Tour de Fleece, stage 9

The problem with sticking to one big project through an event is that the photos are much the same. I've tried a different angle here, showing the fleece.

I'm pulling locks from the raw, dirty, greasy fleece and dog-combing both ends of each, for a well-separated, parallel handful of fibres. This is a technique I was shown on my very first spinning lesson, and one I find more therapeutic than using the big combs, with much the same result.

The fleece isn't so dirty, my hands and wheel are staying pretty clean, and I'm sure the lanolin is doing my skin some good. I can't wait to see whether the colour lightens when the yarn is finally washed.

One interesting thing is the variation in shade from light to dark. I'm now planning to 3-ply the very fine singles, a true 3-ply rather than navajo, so that might blend that variation a bit.

I'm enjoying this so much, it was difficult to take a rest day yesterday (Monday) but today's stage (10) is 'hilly' so I'll start a new bobbin, put in a bit of effort later today and make some more progress.

Tour de Fleece 2016 day 5

Here we are at day 5 already. There doesn't look much on this bobbin but it's drawing out very fine. Not what I intended but I'm going with it - it may be the finest I've spun. And it's fun.
I decided to use the Tour de Fleece spinning time to spin this fleece. It came from Fibre East last year. A Shetland fleece in a nice colour, good locks, still in grease but very clean.

 I decided to use a technique I was taught on my first spinning lesson. It involves holding each lock, combing with a dog-comb, turning the lock around and combing the other end. I prefer the dog-comb to a flick-carder. The result is a well-separated and parallel lock.
It's not fast work, I'm combing as I go, but this isn't a race!!

Blanket scarf in real Shetland

 The idea for this came partly during team HSN's visit to Haworth Scouring earlier in the year. I must also give credit to Knitbug Valérie and aureliantownsend for inspiration.

The real Shetland fibre is a delight to spin, I spun some during last year's Spinzilla for my Ardelise and some more in April for my Riddari. Previously I'd spun from the end of the top (after splitting and pre-drafting) and from the fold. Here I tried making 'fauxlags', which turned out to be very quick, and spinning those unsupported longdraw with the high-speed kit on the wheel was some of the fastest spinning I've done.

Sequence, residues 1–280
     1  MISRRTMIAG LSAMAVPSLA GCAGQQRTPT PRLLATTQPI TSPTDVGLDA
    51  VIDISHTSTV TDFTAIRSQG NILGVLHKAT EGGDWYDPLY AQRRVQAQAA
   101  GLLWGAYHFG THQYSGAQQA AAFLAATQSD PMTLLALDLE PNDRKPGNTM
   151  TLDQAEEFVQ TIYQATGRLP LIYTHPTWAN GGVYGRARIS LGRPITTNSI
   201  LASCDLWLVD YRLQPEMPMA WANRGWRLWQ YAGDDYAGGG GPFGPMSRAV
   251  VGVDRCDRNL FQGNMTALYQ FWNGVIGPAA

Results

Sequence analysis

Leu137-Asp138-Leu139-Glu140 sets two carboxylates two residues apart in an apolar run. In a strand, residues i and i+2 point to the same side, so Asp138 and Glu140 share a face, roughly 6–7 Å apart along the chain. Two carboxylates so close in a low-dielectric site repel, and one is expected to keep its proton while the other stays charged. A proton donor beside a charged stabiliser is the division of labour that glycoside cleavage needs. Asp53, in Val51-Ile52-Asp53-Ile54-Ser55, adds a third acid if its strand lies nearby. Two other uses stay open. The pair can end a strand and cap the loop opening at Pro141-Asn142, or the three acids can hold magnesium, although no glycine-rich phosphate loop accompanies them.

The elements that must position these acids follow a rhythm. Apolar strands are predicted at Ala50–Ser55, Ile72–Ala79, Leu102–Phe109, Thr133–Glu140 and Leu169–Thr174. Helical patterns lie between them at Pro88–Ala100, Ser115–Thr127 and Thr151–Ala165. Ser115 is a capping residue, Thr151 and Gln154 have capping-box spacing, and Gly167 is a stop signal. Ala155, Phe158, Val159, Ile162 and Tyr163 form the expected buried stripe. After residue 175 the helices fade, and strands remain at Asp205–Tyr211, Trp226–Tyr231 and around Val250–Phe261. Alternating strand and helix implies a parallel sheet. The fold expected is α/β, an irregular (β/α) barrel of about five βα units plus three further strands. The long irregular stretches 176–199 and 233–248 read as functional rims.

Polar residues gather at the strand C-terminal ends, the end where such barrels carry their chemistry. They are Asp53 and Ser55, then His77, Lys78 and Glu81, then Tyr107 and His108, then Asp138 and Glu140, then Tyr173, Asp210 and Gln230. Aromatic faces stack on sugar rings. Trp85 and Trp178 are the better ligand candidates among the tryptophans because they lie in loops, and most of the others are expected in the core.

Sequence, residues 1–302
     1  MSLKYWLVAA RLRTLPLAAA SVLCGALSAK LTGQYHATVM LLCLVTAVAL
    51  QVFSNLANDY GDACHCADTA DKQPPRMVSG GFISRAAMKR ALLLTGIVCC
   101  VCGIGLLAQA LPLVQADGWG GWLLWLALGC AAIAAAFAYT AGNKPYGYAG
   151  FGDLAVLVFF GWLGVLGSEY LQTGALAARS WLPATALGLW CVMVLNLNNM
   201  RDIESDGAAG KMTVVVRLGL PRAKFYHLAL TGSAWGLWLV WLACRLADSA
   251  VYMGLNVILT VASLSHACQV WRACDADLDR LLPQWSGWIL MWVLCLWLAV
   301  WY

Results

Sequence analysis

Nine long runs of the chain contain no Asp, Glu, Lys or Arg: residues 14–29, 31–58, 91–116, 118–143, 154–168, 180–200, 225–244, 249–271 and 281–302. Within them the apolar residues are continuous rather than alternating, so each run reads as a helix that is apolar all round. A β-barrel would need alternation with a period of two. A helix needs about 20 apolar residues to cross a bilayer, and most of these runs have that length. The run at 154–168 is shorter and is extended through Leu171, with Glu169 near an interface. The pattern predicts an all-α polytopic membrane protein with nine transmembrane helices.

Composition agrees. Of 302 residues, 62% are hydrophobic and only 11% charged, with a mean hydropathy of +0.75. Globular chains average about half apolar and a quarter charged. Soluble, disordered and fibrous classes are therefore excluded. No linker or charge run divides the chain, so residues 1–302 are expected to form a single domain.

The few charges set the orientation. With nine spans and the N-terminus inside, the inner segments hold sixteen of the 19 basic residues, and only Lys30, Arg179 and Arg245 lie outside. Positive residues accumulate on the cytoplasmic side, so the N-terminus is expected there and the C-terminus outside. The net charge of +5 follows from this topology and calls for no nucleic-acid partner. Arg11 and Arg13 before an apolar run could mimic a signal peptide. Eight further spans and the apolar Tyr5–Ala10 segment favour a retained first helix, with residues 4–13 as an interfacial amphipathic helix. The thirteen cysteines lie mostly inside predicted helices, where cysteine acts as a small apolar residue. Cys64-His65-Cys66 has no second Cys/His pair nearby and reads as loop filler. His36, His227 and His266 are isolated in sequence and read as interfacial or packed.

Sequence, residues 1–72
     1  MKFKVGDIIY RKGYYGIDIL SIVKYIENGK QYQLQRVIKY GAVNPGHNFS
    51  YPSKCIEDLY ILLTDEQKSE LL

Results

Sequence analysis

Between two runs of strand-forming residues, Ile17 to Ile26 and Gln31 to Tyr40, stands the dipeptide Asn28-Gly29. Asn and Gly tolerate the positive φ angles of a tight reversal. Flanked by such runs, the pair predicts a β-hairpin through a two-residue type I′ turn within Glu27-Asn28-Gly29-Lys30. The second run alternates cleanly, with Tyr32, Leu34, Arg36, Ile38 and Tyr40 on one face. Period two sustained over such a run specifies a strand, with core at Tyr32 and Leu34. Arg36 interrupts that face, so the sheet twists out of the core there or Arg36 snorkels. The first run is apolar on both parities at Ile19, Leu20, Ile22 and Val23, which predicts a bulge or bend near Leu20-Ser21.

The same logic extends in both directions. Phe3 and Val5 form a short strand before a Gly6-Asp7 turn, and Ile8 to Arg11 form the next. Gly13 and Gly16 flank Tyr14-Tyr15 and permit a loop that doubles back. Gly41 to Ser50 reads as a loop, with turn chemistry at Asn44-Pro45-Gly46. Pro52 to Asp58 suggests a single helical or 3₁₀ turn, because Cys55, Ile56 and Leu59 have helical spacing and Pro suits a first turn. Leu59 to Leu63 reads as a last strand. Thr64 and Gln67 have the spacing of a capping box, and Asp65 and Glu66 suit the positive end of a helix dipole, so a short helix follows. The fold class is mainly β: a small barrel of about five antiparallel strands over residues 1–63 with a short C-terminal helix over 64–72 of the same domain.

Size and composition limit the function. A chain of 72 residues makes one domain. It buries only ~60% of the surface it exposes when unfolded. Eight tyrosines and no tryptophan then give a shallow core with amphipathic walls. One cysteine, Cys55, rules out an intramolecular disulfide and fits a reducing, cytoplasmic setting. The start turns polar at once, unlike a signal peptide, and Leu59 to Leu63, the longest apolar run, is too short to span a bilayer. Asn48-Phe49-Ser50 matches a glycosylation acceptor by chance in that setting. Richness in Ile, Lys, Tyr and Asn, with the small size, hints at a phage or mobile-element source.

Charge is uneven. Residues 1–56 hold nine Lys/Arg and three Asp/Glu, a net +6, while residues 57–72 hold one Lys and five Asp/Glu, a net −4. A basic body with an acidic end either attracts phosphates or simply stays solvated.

The yarn was 2-ply, perhaps a little thinner than DK.

I wanted to use mostly natural colours; white, fawn and a little dark grey. With a little dyed colour. This is white shetland dyed with Ashford acid dyes; blue with a small amount of yellow for a 'peacock' blue. Not as blue as it looks in this picture.
 Before warping I sampled with some similar handspun yarn, and settled on 6 ends per inch.

On the computer I'd mocked up a more symmetrical plaid pattern, and a more random pattern, which I settled on.  I used the same sequence in the warp as for the weft, for a certain symmetry.

Finished Riddari

I enjoyed every minute of making this jumper, and it's one of my favourite handspun / hand knit projects ever.
It's the most ambitious colourwork I've tackled so far (3 colours to some rows). A friend suggested that I try 'pick and throw', one colour in each hand. That worked well, and getting pretty proficient by the end of this.

The pattern is Riddari by Védís Jónsdóttir, my Ravelry project is here.

I'm very grateful to Adam of The Real Shetland Company for sorting me out with real Shetland combed top.

Fixing messed-up sweater cast-on

I'm really enjoying making my Riddari (Lopi book 28).

This is the first time I've seen this 'rolled' edge. I wasn't keen, some knitters have knitted ribbing instead, but I went with it. Unfortunately I messed up.
I used the larger needle size by mistake, and somehow I managed to flip things around during the ribbing, so the first few rows are purl-side-out and curl the wrong way (my excuse is that I took the project out with me, so it went in and out of a project bag a couple of times in the early stages).